Alphabet's third quarter results came before the Australian Competition and Consumer Commission said it was taking Google to the Australian Federal Court for breaching consumer law.
Google’s parent company Alphabet made US$7 billion in three months, with strong growth in its online advertising.
Alphabet’s third quarter results missed earnings per share expectations and were down from US$9.1 billion a year ago.
The result came before the Australian Competition and Consumer Commission (ACCC) said it was taking Google to the Australian Federal Court for breaching consumer law. The ACCC alleges Google has been misleading consumers about the personal location data it collects, keeps and uses. The action centres on protecting the rights of consumers who set up a Google account and accessed their account settings through their Android mobile phones and tablets. The ACCC said Google’s on-screen advice meant consumers were unaware two account settings — one labelled Location History and another labelled Web and App Activity — had to be switched off to prevent personal data from being collected.
Alphabet’s third quarter results came shortly after it was reported that Google is considering buying Fitbit, the wearable technology company, which would give the search engine giant part of the booming market for fitness trackers and smartwatches.
Alphabet attributed the fall in profits due to aggressive spending on marketing and Google’s cloud computing business, The Times reported.
Revenue rose by 20% to US$40.5 billion, from US$33.7 billion a year previously. The results were released after the closing bell on Wall Street, but its shares fell 3% in after-hours trading to $1,251.
“I am extremely pleased with the progress we made across the board in the third quarter, from our recent advancements in search and quantum computing to our strong revenue growth driven by mobile search, YouTube and Cloud,” said Sundar Pichai, the 47-year-old Google CEO.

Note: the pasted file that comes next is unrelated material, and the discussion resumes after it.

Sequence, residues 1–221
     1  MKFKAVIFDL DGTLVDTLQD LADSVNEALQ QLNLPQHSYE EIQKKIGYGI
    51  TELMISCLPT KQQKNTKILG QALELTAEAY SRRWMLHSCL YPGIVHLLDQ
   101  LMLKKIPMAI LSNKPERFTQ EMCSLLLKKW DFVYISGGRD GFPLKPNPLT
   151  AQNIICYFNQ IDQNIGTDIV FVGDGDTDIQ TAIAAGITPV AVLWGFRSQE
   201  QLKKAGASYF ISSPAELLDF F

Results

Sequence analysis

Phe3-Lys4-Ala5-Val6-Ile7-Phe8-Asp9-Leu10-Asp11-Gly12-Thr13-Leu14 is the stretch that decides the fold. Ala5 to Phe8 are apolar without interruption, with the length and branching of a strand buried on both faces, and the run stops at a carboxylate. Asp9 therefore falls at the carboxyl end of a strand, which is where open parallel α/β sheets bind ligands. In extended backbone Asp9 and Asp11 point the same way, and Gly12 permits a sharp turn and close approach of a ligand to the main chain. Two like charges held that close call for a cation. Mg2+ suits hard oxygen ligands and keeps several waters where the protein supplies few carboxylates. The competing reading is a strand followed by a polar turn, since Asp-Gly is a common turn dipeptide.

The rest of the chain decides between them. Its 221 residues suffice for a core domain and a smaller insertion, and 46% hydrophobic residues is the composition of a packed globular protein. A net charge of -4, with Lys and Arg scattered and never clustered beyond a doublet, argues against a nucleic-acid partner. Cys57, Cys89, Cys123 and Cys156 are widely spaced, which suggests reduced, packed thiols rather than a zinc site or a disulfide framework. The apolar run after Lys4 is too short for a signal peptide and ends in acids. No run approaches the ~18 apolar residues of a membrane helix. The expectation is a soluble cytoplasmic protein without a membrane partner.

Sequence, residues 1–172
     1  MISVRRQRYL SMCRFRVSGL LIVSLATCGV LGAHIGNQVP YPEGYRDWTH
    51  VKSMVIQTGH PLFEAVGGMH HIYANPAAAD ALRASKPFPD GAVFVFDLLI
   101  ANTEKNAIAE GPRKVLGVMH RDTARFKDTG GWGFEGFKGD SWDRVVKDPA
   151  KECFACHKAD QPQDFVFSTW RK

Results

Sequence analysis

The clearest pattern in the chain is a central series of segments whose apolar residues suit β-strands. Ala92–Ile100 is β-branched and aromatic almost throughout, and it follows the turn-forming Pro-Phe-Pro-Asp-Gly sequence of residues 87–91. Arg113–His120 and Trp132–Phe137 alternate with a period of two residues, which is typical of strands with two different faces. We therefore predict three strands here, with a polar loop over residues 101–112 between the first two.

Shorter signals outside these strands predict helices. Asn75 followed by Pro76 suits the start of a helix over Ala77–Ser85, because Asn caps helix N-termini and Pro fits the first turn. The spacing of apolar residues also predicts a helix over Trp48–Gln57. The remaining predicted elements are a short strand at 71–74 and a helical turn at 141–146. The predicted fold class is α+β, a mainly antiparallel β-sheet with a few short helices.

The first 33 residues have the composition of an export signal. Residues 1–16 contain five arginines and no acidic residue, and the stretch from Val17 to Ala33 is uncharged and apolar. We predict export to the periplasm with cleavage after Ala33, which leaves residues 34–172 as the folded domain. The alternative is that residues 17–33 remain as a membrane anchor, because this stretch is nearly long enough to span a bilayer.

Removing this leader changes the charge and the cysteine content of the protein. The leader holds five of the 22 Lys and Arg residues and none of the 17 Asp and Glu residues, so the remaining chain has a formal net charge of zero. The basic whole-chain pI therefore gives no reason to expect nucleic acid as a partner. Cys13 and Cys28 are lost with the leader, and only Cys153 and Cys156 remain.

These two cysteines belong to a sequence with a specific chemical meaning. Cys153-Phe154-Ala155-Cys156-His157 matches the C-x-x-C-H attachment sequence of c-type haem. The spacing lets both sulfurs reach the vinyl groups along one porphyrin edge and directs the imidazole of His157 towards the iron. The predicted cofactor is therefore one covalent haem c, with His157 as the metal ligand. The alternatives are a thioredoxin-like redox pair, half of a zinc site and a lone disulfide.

Advertising revenue from Google, the business unit of Alphabet that contains its search engine, as well as YouTube, Google Maps, the Chrome web browser and the Gmail email platform, rose to US$33.9 billion from US$28.9 billion a year earlier. However, expenses rose by 25% to US$31.3 billion, while capital spending was up by 27% to US$6.7 billion.
Pichai said that half of advertisers’ search spend is now from automated bidding.
Most of the expenditure was directed towards cloud computing, or internet-based storage, management and processing of data. Alphabet is hoping that this will prove a key source of revenue growth alongside its advertising. Google is the third largest company in the market and has been trying to improve on its position by building more data centres, hiring more sales people and buying more equipment.
Sales at Google’s “Other Revenue” section, which includes cloud and consumer hardware, were US$6.4 billion for the quarter, up from US$4.6 billion a year earlier.
Alphabet, which Google created as its parent company in 2015, is valued at nearly US$877 billion and is the world’s fourth largest public company, after Microsoft, Apple and Amazon. The bulk of its profits come from online advertising through the Google search engine, YouTube and other platforms. The business also has interests in the Android mobile operating system for smartphones, its digital voice assistant devices and self-driving cars.
Analysts said that reports of Alphabet’s planned purchase of Fitbit could provide lucrative health-related data for Google. Such a deal also could put Alphabet on a closer footing with Apple, which has a clear market lead in wearable technology.
Leo Gebbie, a senior analyst at CSS Insight, a technology-focused analytics firm, said: “Fitbit has an exceptionally strong brand in the wearables space, with a large engaged user base and valuable user data. This has huge appeal to a data-driven business like Google. This indicates it is serious about the segment.”
Shares in Fitbit shot up 31% to US$5.64 after news of Google’s interest emerged, valuing it at US$1.4 billion.
Alphabet added another 6,450 new employees in the third quarter.